Whatever our reasons are for feeling unequal to white people, I’ve found that in the new South Africa, we have a bit more power than we think we do. And it starts with us finding some confidence and seeing ourselves as equal. If we don’t do that then it doesn’t really matter how much education and money we gain, we’ll still struggle to co-exist with white people.

Rule no 2 – Not all white people are racist!

This one is definitely tricky. Where I grew up there were always people who told me that white people can’t be trusted. Hell, even when I was still at UWC a few years ago there were a few people that I spoke to who said they don’t like that UWC was accepting more and more white students. I had a friend, Sandile, who lived in one of the residences on campus and ran into a lot of these white students more than I did. He would always say that not only does he not trust white people, but that he’s ready to retaliate to anything they would do to him.

For me, Sandile’s attitude shows two things:

• There are a lot of us who still don’t trust white people, and

• That distrust obviously leads to us either not wanting to engage with white people or having bad interactions with them.

Sandile ignored one important thing about humans: We want to be trusted. I don’t think there’s any person alive who enjoys not being trusted by other people. His attitude would’ve clearly hurt the feelings of any white person that wanted to just have a human conversation with him. His attitude would intimidate a lot of white people who understand that one of the ways to defeat racism is to have honest and respectful conversations, and want to connect with us.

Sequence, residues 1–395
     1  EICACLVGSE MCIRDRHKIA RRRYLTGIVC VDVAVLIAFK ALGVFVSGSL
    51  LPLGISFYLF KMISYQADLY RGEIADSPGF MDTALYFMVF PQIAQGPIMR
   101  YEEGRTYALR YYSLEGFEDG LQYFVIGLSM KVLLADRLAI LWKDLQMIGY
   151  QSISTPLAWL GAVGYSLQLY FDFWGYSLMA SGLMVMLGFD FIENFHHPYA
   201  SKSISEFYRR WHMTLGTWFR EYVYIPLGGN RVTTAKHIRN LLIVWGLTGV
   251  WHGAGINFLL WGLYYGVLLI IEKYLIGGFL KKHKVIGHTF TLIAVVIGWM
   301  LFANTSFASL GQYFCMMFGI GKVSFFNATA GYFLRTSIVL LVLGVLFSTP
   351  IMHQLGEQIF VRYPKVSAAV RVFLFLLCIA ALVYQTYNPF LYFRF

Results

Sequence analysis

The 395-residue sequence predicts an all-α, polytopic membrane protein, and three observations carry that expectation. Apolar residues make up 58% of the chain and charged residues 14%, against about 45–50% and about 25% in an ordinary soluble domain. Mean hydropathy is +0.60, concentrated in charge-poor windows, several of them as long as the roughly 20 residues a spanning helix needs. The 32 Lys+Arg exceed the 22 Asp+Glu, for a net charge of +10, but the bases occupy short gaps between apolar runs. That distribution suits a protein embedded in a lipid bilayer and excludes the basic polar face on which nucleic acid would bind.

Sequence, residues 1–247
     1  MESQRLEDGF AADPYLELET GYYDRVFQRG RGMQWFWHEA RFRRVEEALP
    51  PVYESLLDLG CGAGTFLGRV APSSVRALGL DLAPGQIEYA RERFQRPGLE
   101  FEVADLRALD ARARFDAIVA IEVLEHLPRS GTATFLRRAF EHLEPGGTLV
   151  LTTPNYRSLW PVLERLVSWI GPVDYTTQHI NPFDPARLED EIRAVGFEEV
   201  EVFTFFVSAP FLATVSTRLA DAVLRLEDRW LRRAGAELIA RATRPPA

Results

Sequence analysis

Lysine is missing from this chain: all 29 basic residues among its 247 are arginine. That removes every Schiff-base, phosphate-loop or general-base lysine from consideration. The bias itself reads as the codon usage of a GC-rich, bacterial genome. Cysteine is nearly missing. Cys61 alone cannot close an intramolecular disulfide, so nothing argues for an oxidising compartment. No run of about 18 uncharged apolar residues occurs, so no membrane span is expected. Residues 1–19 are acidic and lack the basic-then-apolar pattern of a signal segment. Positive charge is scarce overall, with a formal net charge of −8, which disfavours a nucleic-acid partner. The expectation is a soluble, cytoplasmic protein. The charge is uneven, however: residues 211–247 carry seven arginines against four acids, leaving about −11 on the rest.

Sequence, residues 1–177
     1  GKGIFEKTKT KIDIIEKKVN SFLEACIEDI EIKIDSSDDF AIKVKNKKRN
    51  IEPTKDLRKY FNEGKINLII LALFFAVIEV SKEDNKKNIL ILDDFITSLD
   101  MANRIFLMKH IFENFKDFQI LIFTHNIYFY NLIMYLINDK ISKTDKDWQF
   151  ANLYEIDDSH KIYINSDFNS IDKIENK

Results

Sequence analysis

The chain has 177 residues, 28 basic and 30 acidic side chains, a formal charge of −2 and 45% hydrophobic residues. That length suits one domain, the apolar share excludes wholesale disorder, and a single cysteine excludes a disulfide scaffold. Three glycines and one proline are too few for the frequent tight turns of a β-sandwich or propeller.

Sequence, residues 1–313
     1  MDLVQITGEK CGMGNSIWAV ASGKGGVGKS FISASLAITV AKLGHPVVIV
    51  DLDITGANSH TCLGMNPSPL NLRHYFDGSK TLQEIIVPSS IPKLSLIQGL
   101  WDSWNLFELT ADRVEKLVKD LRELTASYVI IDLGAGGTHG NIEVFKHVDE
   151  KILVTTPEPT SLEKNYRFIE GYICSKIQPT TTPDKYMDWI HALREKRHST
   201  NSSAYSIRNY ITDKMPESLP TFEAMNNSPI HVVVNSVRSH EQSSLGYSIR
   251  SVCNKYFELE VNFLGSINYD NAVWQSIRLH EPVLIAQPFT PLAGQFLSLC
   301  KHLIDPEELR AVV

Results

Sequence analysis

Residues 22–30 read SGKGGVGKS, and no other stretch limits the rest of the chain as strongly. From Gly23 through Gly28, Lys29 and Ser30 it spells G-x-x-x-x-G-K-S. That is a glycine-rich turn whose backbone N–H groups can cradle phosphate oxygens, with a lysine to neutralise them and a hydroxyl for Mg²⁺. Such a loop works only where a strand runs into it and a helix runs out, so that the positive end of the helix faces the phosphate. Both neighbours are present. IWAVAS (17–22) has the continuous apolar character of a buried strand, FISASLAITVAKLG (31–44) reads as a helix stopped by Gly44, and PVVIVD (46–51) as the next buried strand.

I haven’t spoken to Sandile in five years, and I hope wherever he is now he understands: Not all white people are racists! I hope he understands that even though there are obviously many ignorant, rude or pretty racist white people out there who would be unfriendly no matter how we interact with them, not every white person is like that. Distrusting all of them isn’t the solution. It’s just as unhealthy as me maybe thinking a white person’s life is more important than my own.

Rule no 3 – White privilege is real!

If you’ve ever found yourself wondering what’s like to be white, what people would think about you, how they’d treat you, where you’d live, what you’d eat, what school you’d go to, how much education or money you, your parents or grandparents and family would have, you were thinking about white privilege. You weren’t crazy! White privilege is real. And one of the biggest problems we have in this country is that a lot of white people still refuse to accept that it’s real.

Another problem we have is that we don’t know how to address it. That’s why I’ve made this rule for myself. Whether I’m at work or anywhere else, I feel like I have to be honest with any white person I speak to about how I feel. If I come across a white person who doesn’t believe that white privilege is real, and I don’t say anything, that person’s beliefs will probably have a negative impact on not only me but others as well. Anyone who doesn’t believe in white privilege clearly believes that Apartheid and slavery didn’t benefit white people. Having these conversations is good for this country, I believe.

Rule no 4 – Not all conversations should be about race

This is a very important rule to me. We can’t expect white people or anyone else, for that matter, to talk about race or racism ALL THE TIME. I don’t think it’s fair. No matter how much we’ve been told that race is a big deal, we can’t forget that we’re all people. We all bleed, breathe, cry, laugh, sleep, and just live life. Yes, racism affects all these things I’ve just mentioned, but forcing white people or anyone else to talk about racism all the time is also not healthy. There are many things that can unite us in this country – art, education, fashion, food, politics, sport and even work. We can’t just focus on what tends to divide us. Yes, we have to be honest when we speak about race, but we also have to be fair.


Tell us: which rule of Sicelo’s do you think is most helpful/important?

This blog also forms part of our Rights 2.0 – Bridging Divides project. Find out more here.